Wells Fargo chief Timothy J. Sloan fell under blistering criticism Tuesday from members of the Senate Banking Committee who attacked the banking giant’s fraudulent business practices, customer treatment, corporate culture, and Mr. Sloan’s role in the misconduct.
For years, Wells Fargo’s community banking division instituted aggressive sales goals that encouraged its employees to open unauthorized deposit and credit accounts under customers’ names and then charge them for the unwanted accounts. In that scheme, Wells Fargo bankers preyed upon as many as 3.5 million Wells Fargo customers.
In another more recently revealed scheme, Wells Fargo enrolled about 600,000 of its auto loan customers in auto insurance policies they didn’t ask for or need, and often making it difficult for the customers to get out of the policy. This scam caused some customers to default on their loans and have their cars repossessed.
“What in God’s name were you thinking? I am not against big, but with all due respect, I am against dumb. I am against a business practice that has put Wells Fargo first and customers second,” said Sen. John Neely Kennedy (R-La.).
Members of the Senate committee were skeptical of Mr. Sloan’s vow to fix the problem and treat the bank’s customers with integrity and respect.
Sen. Sherrod Brown (D-Ohio), the ranking Democrat on the committee, said the changes Wells Fargo have made so far ”are not sufficient to reform a corporate culture that is willing to abuse its customers and employees in an effort to pad its numbers and increase executive compensation.”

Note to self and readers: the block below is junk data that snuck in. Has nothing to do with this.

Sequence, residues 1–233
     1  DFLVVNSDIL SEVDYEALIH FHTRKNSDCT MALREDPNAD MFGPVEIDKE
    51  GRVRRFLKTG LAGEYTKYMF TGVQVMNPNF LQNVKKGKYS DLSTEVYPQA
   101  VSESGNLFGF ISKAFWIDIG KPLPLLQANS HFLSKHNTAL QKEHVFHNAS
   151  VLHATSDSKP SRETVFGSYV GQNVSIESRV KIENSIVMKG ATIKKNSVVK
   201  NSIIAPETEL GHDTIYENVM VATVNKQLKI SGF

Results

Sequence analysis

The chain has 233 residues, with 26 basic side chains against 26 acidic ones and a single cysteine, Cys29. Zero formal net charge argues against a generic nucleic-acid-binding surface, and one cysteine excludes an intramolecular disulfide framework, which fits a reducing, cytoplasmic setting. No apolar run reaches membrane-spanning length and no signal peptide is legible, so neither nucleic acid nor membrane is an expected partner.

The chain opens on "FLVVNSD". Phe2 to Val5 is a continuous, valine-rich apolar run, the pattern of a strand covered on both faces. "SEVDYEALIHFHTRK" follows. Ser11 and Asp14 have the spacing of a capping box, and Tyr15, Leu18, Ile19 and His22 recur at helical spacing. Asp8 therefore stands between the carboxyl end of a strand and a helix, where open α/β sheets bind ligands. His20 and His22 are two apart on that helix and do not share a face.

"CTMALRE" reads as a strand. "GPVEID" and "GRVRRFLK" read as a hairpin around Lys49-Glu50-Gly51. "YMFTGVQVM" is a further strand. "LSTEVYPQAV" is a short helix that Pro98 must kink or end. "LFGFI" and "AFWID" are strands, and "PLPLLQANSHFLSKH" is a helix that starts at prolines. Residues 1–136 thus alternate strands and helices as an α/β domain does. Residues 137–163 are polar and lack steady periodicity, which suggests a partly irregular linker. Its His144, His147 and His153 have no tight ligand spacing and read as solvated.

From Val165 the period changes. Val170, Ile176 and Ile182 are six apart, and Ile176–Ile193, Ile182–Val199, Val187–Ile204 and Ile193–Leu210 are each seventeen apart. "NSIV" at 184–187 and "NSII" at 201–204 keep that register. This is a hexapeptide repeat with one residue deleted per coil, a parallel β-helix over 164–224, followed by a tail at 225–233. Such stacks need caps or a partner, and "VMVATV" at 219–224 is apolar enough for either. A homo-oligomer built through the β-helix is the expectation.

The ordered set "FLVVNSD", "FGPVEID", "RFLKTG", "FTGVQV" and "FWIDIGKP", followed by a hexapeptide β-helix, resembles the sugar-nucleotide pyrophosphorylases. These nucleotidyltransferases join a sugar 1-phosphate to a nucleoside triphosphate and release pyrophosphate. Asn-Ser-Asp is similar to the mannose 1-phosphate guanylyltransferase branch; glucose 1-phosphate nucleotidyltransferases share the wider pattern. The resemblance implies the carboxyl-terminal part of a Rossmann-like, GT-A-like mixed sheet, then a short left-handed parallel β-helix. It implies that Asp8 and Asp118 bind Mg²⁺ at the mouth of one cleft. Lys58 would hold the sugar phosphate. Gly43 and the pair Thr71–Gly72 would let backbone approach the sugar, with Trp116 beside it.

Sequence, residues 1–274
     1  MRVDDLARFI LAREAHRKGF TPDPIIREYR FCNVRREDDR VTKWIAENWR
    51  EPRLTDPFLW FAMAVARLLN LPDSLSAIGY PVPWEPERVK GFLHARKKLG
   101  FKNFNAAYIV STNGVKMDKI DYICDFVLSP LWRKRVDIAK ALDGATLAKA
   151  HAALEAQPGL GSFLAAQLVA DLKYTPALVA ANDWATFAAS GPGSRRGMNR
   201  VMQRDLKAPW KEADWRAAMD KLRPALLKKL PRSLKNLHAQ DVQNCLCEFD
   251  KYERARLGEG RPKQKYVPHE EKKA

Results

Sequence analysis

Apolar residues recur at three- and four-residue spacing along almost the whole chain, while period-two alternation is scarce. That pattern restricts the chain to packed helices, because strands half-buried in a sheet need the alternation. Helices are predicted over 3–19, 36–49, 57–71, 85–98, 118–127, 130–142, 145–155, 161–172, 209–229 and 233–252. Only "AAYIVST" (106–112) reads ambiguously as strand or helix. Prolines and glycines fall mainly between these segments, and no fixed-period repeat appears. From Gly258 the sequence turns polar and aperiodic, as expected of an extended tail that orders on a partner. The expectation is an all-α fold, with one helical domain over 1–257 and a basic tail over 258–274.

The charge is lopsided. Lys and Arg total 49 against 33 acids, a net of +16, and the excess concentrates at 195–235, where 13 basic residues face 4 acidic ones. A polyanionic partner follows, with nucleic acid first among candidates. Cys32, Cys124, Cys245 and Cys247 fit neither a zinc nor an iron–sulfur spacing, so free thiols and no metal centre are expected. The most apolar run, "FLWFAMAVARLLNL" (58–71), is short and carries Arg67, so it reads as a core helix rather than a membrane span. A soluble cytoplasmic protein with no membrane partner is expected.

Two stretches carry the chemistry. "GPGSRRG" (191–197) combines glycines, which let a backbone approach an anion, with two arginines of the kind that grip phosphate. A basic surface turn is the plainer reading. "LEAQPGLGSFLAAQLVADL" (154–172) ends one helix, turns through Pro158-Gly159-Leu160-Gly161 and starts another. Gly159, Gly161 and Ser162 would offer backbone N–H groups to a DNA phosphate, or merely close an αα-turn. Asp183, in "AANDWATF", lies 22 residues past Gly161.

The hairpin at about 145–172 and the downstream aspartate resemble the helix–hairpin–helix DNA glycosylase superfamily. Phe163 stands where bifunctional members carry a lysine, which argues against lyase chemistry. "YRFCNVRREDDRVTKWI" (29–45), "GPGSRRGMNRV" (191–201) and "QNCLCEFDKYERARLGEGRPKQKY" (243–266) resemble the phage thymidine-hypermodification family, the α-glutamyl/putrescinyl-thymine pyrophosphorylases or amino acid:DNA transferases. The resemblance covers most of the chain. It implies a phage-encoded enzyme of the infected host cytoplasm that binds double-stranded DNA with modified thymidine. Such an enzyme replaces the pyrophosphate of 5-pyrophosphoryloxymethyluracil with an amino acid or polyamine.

According to The Washington Post, Elizabeth Warren produced a large binder full of statements Mr. Sloan made to investors in his three decades with the bank that cast doubt on his ability to change the rampant misconduct that runs deep within the company.
The statements in the binder showed that Mr. Sloan frequently bragged about Wells Fargo’s sales methods. The bank’s deceptive practices helped boost the value of its shares, but at the expense of millions of its customers.
“At best, you were incompetent, and at worst, you were complicit,” Sen. Warren said. “Either way, you should be fired.”
“Wells Fargo needs to start over and that won’t happen until the bank rids itself of people like you who led it into this crisis,” she added.
Mr. Sloan attempted to defend his three decades of experience in the bank and the value of that experience when it came to reforming the company, but Sen. Warren wasn’t having it.
“Are you kidding? There is a broken culture at Wells Fargo that still needs to be changed,” she said. “Wells Fargo is not going to change with you in charge.”
Perhaps the most telling moment of two-hour hearing – the point that seemed to test the sincerity of Mr. Sloan’s vow to treat Wells Fargo customers fairly – came when Sen. Brown asked him whether he planned to change Wells Fargo’s practice of forcing its customers into arbitration whenever they had a dispute. As a condition of doing business with Wells Fargo, the bank requires its customers to surrender their right to sue, even in cases of alleged fraud and wrongdoing.
“Will you commit to this committee that you will stop requiring forced arbitration?” Sen. Brown asked.
“No, I won’t, Senator,” Mr. Sloan replied.